By Justin Sink
Obama, meanwhile, has spent the past week barnstorming for a legislative package that would offset the sequester with a mix of additional tax revenues and spending cuts. In addition to a speech Tuesday at the White House where the president appeared flanked by first responders who could see furloughs or layoffs if the sequester hit, Obama taped eight local television interviews and has invited urban radio hosts to the White House on Thursday.
White House press secretary Jay Carney has also pushed back against Republican attempts to pin the sequester on the president.
"If they had nothing to do with it and never liked it in the first place, why, as a Republican congressman has said, did they vote for it, overwhelmingly?" Carney said. "One hundred and seventy-one Republicans in the House voted for it, compared to I think 95 Democrats. Every Republican leader in the House voted for it, including Speaker Boehner. And on the day it passed, the Speaker of the House said, 'I got 98 percent of what I wanted and I’m pretty pleased.' "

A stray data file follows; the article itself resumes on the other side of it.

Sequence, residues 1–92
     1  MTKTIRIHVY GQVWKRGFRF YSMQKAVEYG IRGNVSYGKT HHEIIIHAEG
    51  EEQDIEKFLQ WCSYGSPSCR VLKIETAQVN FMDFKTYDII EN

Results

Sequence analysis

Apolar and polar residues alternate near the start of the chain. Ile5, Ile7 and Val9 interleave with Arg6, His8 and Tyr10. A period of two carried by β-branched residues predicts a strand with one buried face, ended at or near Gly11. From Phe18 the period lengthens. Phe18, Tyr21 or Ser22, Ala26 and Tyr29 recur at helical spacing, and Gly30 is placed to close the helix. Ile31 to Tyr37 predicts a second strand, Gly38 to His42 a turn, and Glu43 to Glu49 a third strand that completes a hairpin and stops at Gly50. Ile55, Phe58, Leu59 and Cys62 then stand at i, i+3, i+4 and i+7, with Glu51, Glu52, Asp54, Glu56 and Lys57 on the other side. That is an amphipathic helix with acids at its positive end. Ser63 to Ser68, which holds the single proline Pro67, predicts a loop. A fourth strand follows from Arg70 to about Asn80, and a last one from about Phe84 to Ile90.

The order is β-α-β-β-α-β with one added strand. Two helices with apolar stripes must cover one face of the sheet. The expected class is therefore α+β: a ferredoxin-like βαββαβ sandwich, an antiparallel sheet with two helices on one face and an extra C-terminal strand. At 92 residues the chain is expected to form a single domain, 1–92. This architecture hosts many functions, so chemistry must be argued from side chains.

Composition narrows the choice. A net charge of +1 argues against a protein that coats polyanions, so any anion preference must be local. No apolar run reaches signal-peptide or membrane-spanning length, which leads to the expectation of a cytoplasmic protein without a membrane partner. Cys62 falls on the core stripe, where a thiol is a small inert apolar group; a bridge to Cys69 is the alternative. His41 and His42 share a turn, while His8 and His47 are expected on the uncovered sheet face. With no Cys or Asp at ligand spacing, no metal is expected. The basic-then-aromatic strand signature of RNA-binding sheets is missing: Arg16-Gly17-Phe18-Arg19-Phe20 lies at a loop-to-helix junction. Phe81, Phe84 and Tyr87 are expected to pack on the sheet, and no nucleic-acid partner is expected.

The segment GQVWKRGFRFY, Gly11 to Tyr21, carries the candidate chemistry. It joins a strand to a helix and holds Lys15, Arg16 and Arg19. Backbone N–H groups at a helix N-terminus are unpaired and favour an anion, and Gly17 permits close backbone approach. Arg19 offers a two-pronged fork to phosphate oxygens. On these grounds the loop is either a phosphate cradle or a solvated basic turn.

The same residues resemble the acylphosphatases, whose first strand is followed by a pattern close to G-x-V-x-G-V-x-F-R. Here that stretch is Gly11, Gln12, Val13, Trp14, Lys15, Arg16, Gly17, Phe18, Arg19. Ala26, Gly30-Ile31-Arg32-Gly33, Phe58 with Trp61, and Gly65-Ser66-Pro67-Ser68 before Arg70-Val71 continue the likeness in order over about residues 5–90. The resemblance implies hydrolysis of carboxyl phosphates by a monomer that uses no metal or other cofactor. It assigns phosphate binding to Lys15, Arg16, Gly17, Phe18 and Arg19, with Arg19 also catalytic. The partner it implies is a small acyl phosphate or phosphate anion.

But while Thursday's poll shows voters moving toward backing the White House narrative, Republicans have reason for optimism.
Seven in 10 say that it is essential for the president and Congress to pass major deficit legislation this year, higher than any of Obama's other second-term policy priorities. And if negotiators fail to strike a deal, four in 10 Americans say it would be better to allow spending cuts to go into effect.
Still, congressional Republicans face a difficult task. While President Obama's approval rating has dipped — now at 51 percent, four points lower than his post-election high — he still outpaces the 25 percent approval rating that GOP legislators earn. And more than three quarters — 76 percent — of those surveyed say they want an eventual deal to include a combination of spending cuts and tax increases. By contrast, only 19 percent agree with GOP leaders, who have said that deficit reduction should only include spending cuts.
That said, 73 percent say efforts to reduce the deficit should be mostly focused on spending cuts, while fewer than two in 10 say the same about tax increases, evidence that the GOP has some ammunition in the looming budget battle.